Authorities divert water in effort to prevent Bangkok flooding

politics October 11, 2016 01:00

By THE NATION

DEPUTY PRIME MINISTER General Prawit Wongsuwan said yesterday authorities would try to divert water runoff and floodwater to minimise the impact on Bangkok.



The amount of water from the Chao Phraya River passing through the Rama 6 dam was 2,000 cubic metres per second yesterday, with flooding in Bangkok expected if the volume reaches 3,000 cubic metres per second.
Prawit said Prime Minister Prayut Chan-o-cha had instructed relevant agencies to tackle the flooding issue through allocating budgets, water diversion and storing strategies, and the “monkey cheek” water-retention method in some areas. He admitted that the amount of water was excessive at the Pasak Jolasid and Ram 6 dams, with the amount of water released at the latter at about 2,000 cubic metres per second, inundating downstream Ayutthaya province. 
“In the past, this [scenario] would have already caused flooding in all areas but we are trying to divert and distribute runoff to all places so as to minimise impacts on Bangkok,” he |said.
As stretches of the Chao Phraya River have overflowed, Prawit said officials from the Royal Irrigation Department, the Agriculture Ministry and the Interior Ministry were overseeing the situation and aiding affected residents. The Defence Ministry was also aiding flood-affected people, he added. Lop Buri’s Pasak Jolasid Dam was at 95 per cent of its capacity yesterday after receiving 59 million cubic metres of water per day. As a result, water was being released at 700 cubic metres per second, or 60 million cubic metres a day, since Sunday.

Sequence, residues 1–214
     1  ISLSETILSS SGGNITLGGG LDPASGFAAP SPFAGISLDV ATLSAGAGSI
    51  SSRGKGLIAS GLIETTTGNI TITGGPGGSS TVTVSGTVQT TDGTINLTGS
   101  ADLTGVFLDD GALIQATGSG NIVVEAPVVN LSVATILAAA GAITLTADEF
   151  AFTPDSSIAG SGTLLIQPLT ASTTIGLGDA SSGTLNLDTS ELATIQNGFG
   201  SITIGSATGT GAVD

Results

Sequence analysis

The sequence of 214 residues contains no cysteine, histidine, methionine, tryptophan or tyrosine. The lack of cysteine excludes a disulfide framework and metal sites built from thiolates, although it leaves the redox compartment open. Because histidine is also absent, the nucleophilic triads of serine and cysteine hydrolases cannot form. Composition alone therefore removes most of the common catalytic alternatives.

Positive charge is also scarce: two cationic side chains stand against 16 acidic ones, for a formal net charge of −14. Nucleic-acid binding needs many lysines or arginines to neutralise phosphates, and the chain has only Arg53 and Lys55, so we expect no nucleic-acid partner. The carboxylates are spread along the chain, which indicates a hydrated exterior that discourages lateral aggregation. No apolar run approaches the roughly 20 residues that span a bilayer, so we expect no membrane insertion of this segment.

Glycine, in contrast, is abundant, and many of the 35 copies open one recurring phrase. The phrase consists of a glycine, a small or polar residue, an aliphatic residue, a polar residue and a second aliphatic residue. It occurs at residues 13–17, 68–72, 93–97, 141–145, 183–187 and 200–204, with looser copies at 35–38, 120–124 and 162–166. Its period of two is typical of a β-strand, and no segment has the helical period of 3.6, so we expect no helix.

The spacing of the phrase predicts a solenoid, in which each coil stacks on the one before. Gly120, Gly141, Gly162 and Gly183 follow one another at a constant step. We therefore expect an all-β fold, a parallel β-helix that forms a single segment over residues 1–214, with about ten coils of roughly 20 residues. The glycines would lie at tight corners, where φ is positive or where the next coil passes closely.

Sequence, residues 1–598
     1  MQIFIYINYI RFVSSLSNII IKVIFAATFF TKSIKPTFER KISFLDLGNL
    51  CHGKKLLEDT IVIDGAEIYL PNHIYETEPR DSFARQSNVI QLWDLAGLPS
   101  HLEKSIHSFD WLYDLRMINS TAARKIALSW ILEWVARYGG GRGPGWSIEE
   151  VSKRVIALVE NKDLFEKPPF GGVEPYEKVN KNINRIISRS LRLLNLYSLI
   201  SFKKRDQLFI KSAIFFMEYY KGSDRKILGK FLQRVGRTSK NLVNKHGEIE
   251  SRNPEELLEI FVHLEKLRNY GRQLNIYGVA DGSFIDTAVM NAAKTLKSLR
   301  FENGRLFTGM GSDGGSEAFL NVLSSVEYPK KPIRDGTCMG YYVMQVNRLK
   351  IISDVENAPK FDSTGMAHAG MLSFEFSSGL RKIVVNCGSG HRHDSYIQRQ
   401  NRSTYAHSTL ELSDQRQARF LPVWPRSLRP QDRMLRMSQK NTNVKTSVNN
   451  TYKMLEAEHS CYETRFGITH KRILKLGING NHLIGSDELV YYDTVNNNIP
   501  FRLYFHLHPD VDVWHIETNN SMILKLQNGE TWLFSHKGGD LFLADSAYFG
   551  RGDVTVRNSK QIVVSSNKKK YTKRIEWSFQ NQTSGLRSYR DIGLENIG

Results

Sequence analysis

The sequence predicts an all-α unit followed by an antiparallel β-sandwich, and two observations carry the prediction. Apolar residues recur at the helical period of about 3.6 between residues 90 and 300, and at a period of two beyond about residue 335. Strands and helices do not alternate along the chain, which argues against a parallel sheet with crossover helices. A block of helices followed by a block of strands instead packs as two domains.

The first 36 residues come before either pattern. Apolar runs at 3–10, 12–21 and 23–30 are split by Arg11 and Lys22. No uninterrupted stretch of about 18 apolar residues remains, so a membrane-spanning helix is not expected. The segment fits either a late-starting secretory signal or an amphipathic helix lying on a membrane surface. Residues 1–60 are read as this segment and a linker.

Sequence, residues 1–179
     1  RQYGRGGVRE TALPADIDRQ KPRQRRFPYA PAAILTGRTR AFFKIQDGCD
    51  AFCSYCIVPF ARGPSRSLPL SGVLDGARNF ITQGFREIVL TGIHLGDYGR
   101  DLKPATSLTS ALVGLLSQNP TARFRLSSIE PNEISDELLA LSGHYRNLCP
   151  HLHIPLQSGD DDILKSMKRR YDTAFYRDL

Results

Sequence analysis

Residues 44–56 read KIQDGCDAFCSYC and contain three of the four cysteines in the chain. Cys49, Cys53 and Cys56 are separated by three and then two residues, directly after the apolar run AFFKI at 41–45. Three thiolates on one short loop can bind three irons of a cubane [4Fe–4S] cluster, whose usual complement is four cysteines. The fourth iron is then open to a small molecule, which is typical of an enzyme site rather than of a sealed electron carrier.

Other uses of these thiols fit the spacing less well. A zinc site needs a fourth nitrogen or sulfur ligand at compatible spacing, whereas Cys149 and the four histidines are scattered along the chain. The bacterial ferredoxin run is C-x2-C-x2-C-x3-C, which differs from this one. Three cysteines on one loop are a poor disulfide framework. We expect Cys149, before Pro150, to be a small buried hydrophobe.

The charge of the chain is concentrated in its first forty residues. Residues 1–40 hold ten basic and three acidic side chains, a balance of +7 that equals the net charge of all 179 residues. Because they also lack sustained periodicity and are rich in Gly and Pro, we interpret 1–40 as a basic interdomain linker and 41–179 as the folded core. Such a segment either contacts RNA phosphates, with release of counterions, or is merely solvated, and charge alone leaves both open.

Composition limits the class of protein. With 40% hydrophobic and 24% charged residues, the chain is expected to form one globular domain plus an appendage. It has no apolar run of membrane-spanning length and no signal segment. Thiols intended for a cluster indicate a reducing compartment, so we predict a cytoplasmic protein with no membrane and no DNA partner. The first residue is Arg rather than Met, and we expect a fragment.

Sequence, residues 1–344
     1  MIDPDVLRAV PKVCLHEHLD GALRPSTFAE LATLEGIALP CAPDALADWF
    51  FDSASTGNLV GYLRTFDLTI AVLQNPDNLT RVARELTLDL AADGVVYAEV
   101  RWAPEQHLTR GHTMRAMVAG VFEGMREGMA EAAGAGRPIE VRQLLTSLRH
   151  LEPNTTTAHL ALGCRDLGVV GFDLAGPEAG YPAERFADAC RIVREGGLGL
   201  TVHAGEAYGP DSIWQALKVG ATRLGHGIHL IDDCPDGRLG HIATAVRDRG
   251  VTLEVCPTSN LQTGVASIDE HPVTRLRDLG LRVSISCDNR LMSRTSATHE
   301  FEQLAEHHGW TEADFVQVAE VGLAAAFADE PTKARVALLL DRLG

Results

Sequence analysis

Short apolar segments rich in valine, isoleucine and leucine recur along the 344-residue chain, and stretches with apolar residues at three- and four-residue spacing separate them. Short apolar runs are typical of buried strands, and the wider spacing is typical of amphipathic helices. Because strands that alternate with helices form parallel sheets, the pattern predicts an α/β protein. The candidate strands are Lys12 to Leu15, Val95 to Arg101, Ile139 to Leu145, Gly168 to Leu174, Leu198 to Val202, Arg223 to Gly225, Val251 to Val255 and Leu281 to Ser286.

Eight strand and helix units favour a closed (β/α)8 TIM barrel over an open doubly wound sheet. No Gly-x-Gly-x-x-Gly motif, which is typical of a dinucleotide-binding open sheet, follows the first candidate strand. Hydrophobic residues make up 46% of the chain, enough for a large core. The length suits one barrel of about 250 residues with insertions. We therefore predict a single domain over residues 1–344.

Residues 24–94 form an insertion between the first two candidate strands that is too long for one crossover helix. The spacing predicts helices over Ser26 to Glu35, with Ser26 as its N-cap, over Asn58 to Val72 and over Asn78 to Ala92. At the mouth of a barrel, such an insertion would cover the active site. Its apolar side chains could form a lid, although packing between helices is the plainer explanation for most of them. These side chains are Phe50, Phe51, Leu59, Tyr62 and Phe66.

Crops threatened
Downstream Tambon Kaeng Sua Ten residents in Lop Buri’s Phattana Nikhom district have been moving belongings to higher ground, as floods have hit the municipality’s pump station while those living in 30 riverside homes in Ban Moo 11, which is deemed most at risk, were told to prepare for evacuation. 
In Phichit’s Sam Ngam district, farmers set up 10 water pumps to drain 300 rai (48 hectares) of flooded rice fields to try to save their crops. The effort comes as the area was hit by heavy rain while the Yom River caused connecting canals to overflow.
In Pathum Thani province, Governor Surachai Khan-asa led officials to inspect the Chulalongkorn sluice gate yesterday, where six Flow Thruster Ships were being used to drain Klong Rangsit Prayoonsak into the Chao Phraya River to prevent flooding in Klong Luang district. 
The draining of the canal, which had been filled with stagnant polluted water, was in line the government’s “Beautiful canals for Thais’ happiness” policy, according to officials.